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Mville man celebrates 103rd birthday

Former Marysville resident Chet Moyer sings God Bless America on his 103rd birthday at Grandview Village, where he lived for several years. The Hamilton, Wash. native graduated from Sedro-Woolley High School in 1922 and sang at the 1930 Chicago Worlds Fair. When I get to be 105 Im really going to blow the cork! Moyer said. -
Former Marysville resident Chet Moyer sings God Bless America on his 103rd birthday at Grandview Village, where he lived for several years. The Hamilton, Wash. native graduated from Sedro-Woolley High School in 1922 and sang at the 1930 Chicago Worlds Fair. When I get to be 105 Im really going to blow the cork! Moyer said.
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MARYSVILLE Former resident Chet Moyer returned to town last weekend to celebrate his 103rd Birthday with friends and family. Moyer was born on Oct. 6, 1903 and is still sharp mentally and physically: he adroitly belted out his favorite tune God Bless America to an audience at Grandview Village, the retirement community he called home for several years.
When I get to be 105 Im really going to blow the cork! Moyer said to great effect.
He sang with a loud, clear voice powered by a set of leather lungs and backed by a two-piece band. He did just fine a capella, too.
Moyer was born in the western-Washington hamlet of Hamilton and graduated from Sedro-Woolley High School in 1922. He worked on the Baker River Dam and recalled singing at the 1930 Worlds Fair in Chicago.
They had a cathedral out their on the west side of Chicago and we sang out there every Sunday, Moyer recalled. During the worlds fair we sang every day.
Hard of hearing and wearing a pair of artificial ears, Moyer nonetheless walks and talks very well. His sharp mind is like a steel trap and he remembers the beginnings and the end of one of his largest customers, Pan-Am Airlines, which he has outlived by decades. Pan Am was founded in 1927 and collapsed in 1991. Moyer by contrast is still flying high.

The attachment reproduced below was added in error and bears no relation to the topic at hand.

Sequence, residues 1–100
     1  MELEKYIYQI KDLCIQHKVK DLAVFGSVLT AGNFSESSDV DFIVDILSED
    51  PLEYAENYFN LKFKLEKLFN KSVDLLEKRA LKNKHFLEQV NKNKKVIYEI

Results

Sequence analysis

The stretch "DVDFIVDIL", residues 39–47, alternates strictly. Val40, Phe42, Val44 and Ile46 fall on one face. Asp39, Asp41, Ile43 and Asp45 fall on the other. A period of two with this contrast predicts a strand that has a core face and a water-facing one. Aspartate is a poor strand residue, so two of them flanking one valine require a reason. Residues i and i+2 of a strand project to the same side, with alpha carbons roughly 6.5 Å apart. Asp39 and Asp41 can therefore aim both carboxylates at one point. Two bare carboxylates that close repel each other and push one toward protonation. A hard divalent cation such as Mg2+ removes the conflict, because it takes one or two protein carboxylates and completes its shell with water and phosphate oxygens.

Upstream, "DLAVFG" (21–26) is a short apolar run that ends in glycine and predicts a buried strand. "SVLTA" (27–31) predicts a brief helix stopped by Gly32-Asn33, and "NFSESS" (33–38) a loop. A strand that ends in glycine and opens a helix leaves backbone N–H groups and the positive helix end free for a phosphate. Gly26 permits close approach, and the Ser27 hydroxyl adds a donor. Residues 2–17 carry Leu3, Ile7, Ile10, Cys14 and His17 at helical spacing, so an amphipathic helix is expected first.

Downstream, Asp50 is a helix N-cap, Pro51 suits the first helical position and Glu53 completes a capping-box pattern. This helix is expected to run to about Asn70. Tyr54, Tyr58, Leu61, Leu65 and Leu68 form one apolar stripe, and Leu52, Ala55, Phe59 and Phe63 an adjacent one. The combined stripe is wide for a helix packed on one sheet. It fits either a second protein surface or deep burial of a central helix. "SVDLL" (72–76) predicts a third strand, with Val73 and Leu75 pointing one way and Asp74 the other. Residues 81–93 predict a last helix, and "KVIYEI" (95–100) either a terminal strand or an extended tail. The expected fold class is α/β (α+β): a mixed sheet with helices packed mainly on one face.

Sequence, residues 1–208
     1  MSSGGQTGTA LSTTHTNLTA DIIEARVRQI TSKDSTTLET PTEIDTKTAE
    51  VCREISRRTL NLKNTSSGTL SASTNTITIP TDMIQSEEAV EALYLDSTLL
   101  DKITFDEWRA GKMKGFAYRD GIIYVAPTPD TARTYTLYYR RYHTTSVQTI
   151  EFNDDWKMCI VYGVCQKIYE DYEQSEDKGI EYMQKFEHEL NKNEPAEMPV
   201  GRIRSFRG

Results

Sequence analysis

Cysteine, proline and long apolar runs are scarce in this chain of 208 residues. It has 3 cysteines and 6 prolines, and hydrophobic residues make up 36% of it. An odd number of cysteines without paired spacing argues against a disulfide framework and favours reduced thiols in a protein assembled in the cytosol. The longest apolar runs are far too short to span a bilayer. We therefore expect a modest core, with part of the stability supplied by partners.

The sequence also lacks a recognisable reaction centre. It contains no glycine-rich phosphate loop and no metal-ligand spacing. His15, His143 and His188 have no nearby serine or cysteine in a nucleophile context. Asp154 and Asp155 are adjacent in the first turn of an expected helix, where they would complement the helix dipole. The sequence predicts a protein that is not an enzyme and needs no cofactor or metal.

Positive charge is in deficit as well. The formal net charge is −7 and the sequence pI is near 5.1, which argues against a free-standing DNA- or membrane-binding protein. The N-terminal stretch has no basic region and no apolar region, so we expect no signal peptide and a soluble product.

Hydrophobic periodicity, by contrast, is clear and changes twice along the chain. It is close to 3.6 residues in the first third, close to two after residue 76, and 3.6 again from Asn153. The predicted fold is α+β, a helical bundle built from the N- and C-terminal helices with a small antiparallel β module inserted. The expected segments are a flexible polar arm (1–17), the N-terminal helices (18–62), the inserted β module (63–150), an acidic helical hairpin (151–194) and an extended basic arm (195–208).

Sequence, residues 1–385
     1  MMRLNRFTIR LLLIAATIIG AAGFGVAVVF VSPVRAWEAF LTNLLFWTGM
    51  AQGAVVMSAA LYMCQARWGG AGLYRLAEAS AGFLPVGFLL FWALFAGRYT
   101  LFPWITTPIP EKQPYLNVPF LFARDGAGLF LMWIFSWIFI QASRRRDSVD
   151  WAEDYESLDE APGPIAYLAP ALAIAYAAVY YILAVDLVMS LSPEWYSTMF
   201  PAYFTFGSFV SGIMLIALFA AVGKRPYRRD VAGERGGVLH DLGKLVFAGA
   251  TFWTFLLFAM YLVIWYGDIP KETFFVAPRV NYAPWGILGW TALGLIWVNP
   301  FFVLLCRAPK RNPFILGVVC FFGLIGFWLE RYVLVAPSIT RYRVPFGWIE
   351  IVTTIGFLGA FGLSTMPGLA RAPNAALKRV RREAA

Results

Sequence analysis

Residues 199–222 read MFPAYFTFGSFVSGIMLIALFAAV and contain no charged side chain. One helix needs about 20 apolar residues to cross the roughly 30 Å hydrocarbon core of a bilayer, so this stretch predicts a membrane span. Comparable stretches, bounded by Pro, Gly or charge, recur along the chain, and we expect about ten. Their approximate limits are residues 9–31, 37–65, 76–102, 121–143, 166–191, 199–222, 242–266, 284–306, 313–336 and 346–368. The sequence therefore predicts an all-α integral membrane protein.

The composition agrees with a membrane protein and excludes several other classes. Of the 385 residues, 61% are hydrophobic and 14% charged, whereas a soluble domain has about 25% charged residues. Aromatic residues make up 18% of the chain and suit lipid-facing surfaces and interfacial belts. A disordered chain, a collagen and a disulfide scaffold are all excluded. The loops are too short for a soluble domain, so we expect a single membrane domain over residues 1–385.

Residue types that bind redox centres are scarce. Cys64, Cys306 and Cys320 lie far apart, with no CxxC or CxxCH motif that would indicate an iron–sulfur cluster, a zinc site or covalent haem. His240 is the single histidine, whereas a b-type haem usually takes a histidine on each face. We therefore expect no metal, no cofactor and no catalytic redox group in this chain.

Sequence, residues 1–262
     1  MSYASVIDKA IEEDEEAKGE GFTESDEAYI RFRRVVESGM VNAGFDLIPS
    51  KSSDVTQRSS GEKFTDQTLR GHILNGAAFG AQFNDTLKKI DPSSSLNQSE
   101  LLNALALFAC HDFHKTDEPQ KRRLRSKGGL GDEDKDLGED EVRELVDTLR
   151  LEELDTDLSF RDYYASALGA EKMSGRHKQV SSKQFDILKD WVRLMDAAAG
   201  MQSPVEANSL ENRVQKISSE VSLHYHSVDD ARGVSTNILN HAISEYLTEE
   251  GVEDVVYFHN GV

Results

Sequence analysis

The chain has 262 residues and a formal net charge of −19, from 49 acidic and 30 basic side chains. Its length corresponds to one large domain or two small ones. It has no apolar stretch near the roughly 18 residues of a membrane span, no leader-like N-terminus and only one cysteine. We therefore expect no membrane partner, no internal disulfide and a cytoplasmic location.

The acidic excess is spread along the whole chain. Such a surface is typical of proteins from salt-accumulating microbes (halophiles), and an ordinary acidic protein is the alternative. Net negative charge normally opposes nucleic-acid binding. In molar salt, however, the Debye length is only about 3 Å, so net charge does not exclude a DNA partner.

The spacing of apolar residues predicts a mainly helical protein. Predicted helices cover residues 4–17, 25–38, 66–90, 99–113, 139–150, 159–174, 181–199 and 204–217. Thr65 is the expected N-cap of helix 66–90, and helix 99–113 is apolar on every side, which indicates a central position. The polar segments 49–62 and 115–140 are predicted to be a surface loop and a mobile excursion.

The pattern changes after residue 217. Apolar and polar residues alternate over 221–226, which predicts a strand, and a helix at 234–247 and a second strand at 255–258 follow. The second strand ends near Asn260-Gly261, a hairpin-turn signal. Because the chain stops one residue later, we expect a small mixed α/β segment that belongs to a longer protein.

Moyer used to own a supper club in Fairbanks, Alaska, for 10 years and he bragged that could serve steaks to his customers everyday. He recalled getting his first real job in Chicago at the Palmer House Hotel, 2,240 rooms, all with private baths.
He got roped into staying in Fairbanks during World War II when he signed on at Ladd Field and the defense department froze him to his job for the during of the conflict, quite literally at times. After that he opened the supper club that was what they called nightclubs back then and was married and divorced for the first time in a year. The second one took nine years and a house, and Moyer took his proceeds and traveled around the United States with his parents for two years, from Alaska to Mexico.
We went from coast-to-coast, north-and-south, Moyer remembered. Then the next year we went back over the same route all over again.
Later in life he would tour for five years with the Seattle Mens Chorus.
Ive sang all my life, ever since I was a kid, he said, recalling his beginnings at the Methodist Church in Sedro-Woolley.
For a man who lived to see the Model T and the space shuttle, Moyer has done a lot, including singing at an Everett Aquasox game last July. He sang with evangelist Billy Graham to inaugurate the Kingdome in Seattle; something else he has outlived. He studied accounting in college, but as his life reaches the final debits and credits he gives sobering advice to todays youth.
Go where your feelings effect you, mostly. If youve got something in mind that you can do, do it.
According to Moyer his biggest disappointment is letting other people dissuade him from things he wanted to do. Instead of following his dreams he was weighed down with the cares of daily life and limited by others.
I let other people guide my life a little bit too much, Moyer said firmly. Theres things I could have done that I should have done that I didnt do. I got talked out of everything; that kept me busy working to pay the bills as fast as somebody else was spending the money.
Moyer was married twice and had no children; he now lives in Everett with caretakers.

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